By Nick Assinder
Political correspondent, BBC News website
Anyone still wondering what Gordon Brown thought he was up to originally with his snap election stunt has just been given an answer.
Darling is accused of stealing Tory clothes
It was, quite simply, designed to spook the Tories into revealing their manifesto so it could be re-written in New Labour red ink.
Of course, it all got out of hand and backfired badly on the prime minister when everyone - himself included - started taking all the election talk too seriously and really thought about doing it.
But, had it remained just a clever political game, this would still have been the end result.
It would still have led to Chancellor Alistair Darling delivering just such a series of measures, calculated - cynically calculated, according to shadow chancellor George Osborne - to shoot every opposition fox.
So moves on inheritance tax, air passenger duties and loopholes for non-domiciles and private equity bosses would all have appeared and been greeted with much gnashing of frustrated Tory and Liberal Democrat teeth.
The inheritance tax plans even stole the Tories' pro-marriage platform by offering a real incentive for co-habiting couples to wed or enter a civil partnership.
However, the measures would almost certainly not have been delivered on this particular day or even in one package, and they may have produced a different response.
As it is, and thanks almost entirely to the fact the election game went so horribly wrong for the government, there is a real danger this will be seen as too clever by half.
Yes, Mr Darling pretty effectively neutralised a whole series of potentially popular Tory policies in announcements that delighted Labour MPs and saw the prime minister almost wriggling out of his seat in anticipatory glee.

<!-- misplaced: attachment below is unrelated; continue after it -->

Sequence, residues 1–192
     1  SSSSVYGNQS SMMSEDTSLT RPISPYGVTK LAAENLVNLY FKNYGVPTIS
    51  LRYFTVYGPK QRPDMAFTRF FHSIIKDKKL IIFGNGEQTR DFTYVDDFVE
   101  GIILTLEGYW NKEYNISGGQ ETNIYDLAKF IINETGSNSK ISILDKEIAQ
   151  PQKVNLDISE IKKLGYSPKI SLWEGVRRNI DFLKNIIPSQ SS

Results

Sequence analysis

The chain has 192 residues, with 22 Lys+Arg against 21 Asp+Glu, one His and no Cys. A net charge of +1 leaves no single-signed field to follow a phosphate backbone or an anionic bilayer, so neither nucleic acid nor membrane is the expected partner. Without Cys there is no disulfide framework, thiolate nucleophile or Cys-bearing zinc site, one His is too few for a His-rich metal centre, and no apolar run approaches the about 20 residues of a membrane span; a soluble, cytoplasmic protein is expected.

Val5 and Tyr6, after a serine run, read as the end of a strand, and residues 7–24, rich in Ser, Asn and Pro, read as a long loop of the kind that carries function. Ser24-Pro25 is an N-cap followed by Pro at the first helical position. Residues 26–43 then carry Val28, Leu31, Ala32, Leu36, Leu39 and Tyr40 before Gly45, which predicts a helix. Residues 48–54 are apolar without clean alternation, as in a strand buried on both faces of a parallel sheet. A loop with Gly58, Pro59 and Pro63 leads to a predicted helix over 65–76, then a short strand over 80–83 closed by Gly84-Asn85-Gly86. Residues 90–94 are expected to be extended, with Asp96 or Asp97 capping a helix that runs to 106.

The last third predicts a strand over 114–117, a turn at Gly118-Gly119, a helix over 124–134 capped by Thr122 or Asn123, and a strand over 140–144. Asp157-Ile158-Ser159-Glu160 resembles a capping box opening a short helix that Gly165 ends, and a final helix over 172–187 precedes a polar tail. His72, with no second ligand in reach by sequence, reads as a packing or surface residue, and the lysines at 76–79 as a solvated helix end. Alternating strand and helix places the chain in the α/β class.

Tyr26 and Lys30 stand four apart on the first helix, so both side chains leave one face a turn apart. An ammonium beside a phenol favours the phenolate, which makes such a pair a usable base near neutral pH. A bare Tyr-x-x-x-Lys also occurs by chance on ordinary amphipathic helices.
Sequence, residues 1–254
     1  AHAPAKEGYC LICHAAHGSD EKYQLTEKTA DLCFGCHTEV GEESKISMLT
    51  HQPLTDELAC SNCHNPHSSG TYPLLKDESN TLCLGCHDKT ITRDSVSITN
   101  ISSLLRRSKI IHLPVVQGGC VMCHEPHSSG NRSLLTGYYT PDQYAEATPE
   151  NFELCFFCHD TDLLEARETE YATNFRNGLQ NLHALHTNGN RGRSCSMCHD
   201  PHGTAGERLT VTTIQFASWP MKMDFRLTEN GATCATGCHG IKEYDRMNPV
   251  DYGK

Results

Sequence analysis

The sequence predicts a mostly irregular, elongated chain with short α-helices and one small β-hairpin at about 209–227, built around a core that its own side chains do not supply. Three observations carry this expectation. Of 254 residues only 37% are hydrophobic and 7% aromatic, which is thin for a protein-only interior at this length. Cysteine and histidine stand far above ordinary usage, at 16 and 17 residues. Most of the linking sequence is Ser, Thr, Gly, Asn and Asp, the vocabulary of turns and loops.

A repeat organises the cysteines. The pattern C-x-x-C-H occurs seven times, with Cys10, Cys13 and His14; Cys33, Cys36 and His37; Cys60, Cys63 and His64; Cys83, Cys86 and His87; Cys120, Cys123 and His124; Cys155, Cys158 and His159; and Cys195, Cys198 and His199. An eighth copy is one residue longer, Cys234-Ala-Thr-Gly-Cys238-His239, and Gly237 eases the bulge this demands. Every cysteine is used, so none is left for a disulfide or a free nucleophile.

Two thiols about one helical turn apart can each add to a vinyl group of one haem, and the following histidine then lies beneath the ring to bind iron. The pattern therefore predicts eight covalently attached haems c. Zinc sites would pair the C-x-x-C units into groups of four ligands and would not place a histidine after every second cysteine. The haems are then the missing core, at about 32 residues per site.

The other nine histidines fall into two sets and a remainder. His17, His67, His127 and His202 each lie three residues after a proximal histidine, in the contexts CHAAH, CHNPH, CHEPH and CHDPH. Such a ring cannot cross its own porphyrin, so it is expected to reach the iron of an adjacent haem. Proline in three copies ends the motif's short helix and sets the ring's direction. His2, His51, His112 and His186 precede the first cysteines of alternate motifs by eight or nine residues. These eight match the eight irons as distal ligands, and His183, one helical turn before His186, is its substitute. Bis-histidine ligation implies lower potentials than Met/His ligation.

Mr Osborne claimed government's vision was the Tories'
But both Mr Darling and Mr Brown now face charges of having no new ideas of their own - as the shadow chancellor declared, scrabbling around for a vision until the Tories handed them one, and treating the electorate as fools.
If everything else in the economy was going swimmingly, that very likely would not matter. It is, after all, the effect of tax cuts that matter to voters not arguments over who thought of them first.
And, it must be said, ministers insist they were already thinking along these lines long before the opposition came up with policies on them.
But, with growth forecasts downgraded and overall taxation and borrowing on the up, there will be claims these measures have been made against a less favourable economic background than for years and after a cynical political stunt.
So it remains to be seen how voters will react to them - and they won't get the chance to deliver their verdict for, perhaps, two years.
The calculation appears to be that the "feelgood" measures will outweigh any concerns about government cynicism and, by the time of the real general election, any sour taste will have faded.
But, like the opposition claims he "bottled" the election, will suggestions Mr Brown had been playing with the electorate for political gain have any negative impact?